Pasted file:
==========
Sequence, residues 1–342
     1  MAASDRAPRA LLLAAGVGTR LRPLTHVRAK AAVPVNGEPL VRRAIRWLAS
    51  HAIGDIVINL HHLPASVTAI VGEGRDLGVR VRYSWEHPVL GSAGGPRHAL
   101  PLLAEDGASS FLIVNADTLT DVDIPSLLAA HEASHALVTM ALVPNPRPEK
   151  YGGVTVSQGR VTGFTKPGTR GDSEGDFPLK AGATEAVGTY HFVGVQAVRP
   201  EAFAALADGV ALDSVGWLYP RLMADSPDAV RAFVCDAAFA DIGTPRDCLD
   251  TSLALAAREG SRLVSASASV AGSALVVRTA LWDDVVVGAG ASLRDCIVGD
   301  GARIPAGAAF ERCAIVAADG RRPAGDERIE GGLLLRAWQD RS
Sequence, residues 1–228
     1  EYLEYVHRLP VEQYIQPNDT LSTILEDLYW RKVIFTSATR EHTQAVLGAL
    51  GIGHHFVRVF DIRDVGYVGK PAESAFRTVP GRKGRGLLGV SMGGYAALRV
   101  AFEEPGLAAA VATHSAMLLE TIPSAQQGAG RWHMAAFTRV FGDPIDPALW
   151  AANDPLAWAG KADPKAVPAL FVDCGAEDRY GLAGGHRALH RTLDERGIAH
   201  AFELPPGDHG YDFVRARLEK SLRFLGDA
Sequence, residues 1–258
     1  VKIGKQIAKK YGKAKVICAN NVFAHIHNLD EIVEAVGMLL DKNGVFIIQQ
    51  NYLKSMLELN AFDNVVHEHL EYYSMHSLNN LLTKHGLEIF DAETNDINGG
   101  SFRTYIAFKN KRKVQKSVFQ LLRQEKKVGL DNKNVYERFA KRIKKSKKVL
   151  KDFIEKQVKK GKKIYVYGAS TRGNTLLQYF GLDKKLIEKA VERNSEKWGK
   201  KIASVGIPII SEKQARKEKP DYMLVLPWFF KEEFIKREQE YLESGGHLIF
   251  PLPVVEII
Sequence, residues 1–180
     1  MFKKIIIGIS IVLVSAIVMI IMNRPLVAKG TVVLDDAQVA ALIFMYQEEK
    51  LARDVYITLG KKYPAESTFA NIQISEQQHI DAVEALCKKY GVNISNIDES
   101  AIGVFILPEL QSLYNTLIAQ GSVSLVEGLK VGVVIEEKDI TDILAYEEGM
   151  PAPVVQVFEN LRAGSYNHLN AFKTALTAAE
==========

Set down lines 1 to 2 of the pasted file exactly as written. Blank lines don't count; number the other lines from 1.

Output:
Sequence, residues 1–342
     1  MAASDRAPRA LLLAAGVGTR LRPLTHVRAK AAVPVNGEPL VRRAIRWLAS